Living among us in Baristaville are more than a few families leading happy, fulfilling lives… with one car. With the incentive of green benefits — both a reduced carbon footprint and cost savings – it can be done, especially in towns peppered with bus stops and train stations. The three most important factors are, of course, location, location, location. Flexibility and resourcefulness help, too.
My family moved to Montclair last summer, with two children, a dog, and two cars. We rented a house a block from a train station in Upper Montclair and soon noticed our second car sat in the driveway Monday through Friday and was driven only occasionally on the weekends. When six months later we bought a house a block from the Watchung Avenue train station, and the lease on our second car was running out, we decided to make a go of one car living. My husband commutes into Manhattan and rarely gets behind the wheel on weekdays.
The weekends require some slight juggling, but the biggest hurdle we’ve had so far was a Sunday morning when my daughter needed to be two towns away and my son had a birthday party a mile and a half from our house. The result? My son and I dressed for the weather (it was still cold) and endured the trials of a delightful walk. My husband and daughter picked us up at the end of the party two hours later. Had it been, say, pouring rain, we likely could have asked for a ride from someone also attending the party or—gasp—called a cab.
Cora and Adam Licht, of Maplewood, have had only one car for the last two years. Around the time that Cora decided to stay at home full-time with their three children, one of their cars was totaled in an accident. This accelerated their realization that with only one of them working outside the house, the second car was a luxury (Adam commutes by train and has a 10-minute walk to the station). The upkeep and insurance on their second car was upward of $5,000 a year, which they are now happy to put directly into their annual family vacation, more than worth the effort “of being more coordinated in our weekend driving,” said Adam.
In two years, the Lichts have had to rent a car twice. They spent about $150 total. When it comes to making do with one car, “the borderline of luxury and must-have is a matter of perspective,” he said.
The best-case scenario for living with one car is when one or both partners can walk to public transportation for the work commute, leaving only the weekends when two people even have the opportunity to get behind the wheel. But without the right location, it doesn’t always work.
When Aviva Patz and Tripp Reynolds first moved to Montclair seven years ago, they lived in Upper Montclair and both commuted into Manhattan. They had no need for a second car, and on weekends, “it made us very efficient running errands,” said Patz. But four years later, they moved across town, a mile from the closest train station, and Patz began working from home. She would often drive Tripp to and from the station, but with the arrival of one and then two daughters into the mix, it became more difficult. “If he had a late meeting, the kids would be asleep, so I sometimes had a neighbor stay at the house while I ran out to pick him up from the train,” she recalled. As soon as they got off the waitlist for a station parking permit, they became a two-car family.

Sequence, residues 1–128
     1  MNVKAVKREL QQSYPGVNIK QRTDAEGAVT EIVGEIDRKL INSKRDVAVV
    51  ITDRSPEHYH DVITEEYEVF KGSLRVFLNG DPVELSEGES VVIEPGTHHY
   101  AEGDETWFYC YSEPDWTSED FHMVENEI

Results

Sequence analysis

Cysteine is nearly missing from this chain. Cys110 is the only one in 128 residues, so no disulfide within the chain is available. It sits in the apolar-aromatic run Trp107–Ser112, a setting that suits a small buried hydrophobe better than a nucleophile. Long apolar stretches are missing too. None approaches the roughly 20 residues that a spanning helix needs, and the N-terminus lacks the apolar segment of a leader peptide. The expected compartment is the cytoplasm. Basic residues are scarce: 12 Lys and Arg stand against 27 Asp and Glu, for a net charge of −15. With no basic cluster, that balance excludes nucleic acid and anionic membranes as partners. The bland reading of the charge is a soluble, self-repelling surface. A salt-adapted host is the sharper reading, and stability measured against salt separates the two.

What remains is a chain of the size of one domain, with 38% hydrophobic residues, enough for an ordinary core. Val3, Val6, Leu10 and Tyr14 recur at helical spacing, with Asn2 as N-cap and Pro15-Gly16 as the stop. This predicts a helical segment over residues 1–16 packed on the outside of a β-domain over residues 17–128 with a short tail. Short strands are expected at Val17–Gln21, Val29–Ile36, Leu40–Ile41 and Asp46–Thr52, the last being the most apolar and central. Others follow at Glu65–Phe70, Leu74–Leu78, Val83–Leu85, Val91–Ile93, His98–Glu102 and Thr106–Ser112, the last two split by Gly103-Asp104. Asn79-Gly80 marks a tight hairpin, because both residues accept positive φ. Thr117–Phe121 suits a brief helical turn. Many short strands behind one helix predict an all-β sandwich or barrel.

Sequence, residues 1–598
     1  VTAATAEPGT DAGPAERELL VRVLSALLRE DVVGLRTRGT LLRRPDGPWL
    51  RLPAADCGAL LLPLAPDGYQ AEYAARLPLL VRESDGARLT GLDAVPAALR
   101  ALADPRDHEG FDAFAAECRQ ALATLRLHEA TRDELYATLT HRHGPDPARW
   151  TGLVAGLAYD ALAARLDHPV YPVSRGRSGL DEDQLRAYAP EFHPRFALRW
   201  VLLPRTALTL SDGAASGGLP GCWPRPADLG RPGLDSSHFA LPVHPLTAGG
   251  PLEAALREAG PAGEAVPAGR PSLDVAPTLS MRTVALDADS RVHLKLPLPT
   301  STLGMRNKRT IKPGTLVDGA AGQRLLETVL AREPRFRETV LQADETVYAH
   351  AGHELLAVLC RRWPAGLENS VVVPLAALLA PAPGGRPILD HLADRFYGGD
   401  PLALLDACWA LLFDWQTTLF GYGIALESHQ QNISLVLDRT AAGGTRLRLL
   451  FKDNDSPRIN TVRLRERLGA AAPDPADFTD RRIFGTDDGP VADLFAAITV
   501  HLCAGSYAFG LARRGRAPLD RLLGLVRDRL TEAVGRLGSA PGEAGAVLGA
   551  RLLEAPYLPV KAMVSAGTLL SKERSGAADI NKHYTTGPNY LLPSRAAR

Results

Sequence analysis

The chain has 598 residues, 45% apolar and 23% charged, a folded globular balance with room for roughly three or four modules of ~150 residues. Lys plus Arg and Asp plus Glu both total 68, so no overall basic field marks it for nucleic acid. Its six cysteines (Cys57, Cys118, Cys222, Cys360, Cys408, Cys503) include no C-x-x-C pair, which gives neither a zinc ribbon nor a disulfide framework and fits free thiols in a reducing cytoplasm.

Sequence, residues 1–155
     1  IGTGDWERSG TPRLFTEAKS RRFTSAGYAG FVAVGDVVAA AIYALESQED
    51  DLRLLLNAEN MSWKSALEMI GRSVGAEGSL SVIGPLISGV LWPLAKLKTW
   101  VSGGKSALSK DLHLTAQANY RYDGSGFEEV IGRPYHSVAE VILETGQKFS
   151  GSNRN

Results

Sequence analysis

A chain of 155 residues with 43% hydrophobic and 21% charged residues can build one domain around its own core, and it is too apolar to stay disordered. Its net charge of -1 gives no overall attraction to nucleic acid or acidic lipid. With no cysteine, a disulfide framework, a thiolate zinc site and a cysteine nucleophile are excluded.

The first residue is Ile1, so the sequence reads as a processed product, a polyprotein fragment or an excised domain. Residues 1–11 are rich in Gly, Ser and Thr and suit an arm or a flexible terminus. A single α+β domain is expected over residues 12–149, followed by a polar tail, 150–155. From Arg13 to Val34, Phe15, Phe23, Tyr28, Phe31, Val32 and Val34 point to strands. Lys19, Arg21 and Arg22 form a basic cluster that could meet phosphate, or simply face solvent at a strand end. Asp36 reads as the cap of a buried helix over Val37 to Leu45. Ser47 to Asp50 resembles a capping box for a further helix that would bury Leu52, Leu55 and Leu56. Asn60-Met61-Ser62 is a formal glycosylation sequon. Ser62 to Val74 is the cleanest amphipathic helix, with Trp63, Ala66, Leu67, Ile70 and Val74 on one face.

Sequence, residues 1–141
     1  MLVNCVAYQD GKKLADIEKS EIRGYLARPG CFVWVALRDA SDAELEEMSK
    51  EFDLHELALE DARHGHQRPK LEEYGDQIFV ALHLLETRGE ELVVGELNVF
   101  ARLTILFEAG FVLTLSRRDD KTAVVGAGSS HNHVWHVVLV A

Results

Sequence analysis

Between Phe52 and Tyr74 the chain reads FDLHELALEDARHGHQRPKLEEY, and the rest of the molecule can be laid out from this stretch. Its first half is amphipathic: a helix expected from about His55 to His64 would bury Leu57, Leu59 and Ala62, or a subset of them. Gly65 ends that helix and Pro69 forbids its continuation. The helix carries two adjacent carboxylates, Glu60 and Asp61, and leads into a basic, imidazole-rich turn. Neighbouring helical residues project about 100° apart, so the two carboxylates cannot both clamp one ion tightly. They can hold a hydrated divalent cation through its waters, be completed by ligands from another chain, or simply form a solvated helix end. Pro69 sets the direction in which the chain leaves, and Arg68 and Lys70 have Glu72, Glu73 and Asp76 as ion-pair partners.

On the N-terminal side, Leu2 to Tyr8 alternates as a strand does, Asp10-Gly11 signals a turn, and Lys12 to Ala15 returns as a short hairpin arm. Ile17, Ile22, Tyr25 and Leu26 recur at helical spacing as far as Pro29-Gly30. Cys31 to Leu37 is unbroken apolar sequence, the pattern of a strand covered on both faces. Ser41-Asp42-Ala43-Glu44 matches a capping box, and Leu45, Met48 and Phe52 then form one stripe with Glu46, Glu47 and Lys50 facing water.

The age and number of children in a family also affects the ease of one-car living. With two or more children, each with their own roster of friends and activities, things can get tricky. Anne-Sophie Roure and Steve McClendon live in Montclair and have three boys, ages 5, 7, and 9 (pictured above with Roure). They live across the street from a train station and Steve commutes into the City. They choose the boys’ activities carefully, so their one car can keep up with the logistics after school and on weekends. Roure often signs them up for sports, for example, with a friend with whom they can carpool if needed. An added hurdle to life with one car, Roure works part-time and has several evening commitments a week. “I need the car those nights, so the boys can’t have anything they have to be driven to,” she explained.
The couple recently looked into adding a second car, but the economics of it underscored that even with their scheduling dance, it’s worth sticking to one vehicle for now. Recently McClendon’s bi-weekly poker game fell on a night when his wife was at work. He left the kids with a sitter and got there on foot.
With so many residents moving here from New York City, having even one car is often one more than they’ve had before. Many narrow their house hunt to locales that will support a one-car lifestyle.
Yifat Susskind and Max Boehnel moved to Montclair in 2003 from Brooklyn, where they did not have a car. They chose a house two blocks from downtown Bloomfield Avenue, enabling them to easily walk to everything from the grocery store to the movie theater to their two children’s schools. A second car has never been discussed. In fact, at one point, they spent a few months with no car at all and were surprised how easily they got by. Occasionally, they borrowed a car from friends who have two.
“The funny thing was,” recalled Susskind, “other people were horrified that we didn’t have a car. I would watch the information sink in and see the person struggling to reassess our family, which appears typically middle class/professional, and yet, no car?”
They went back to being a one-car family, but within town they still get most places on foot or by bicycle.
For my family, it’s only been two and a half months, but so far so good. And my oldest child won’t have her driver’s license for about eight years. I’m told that can be a real game changer.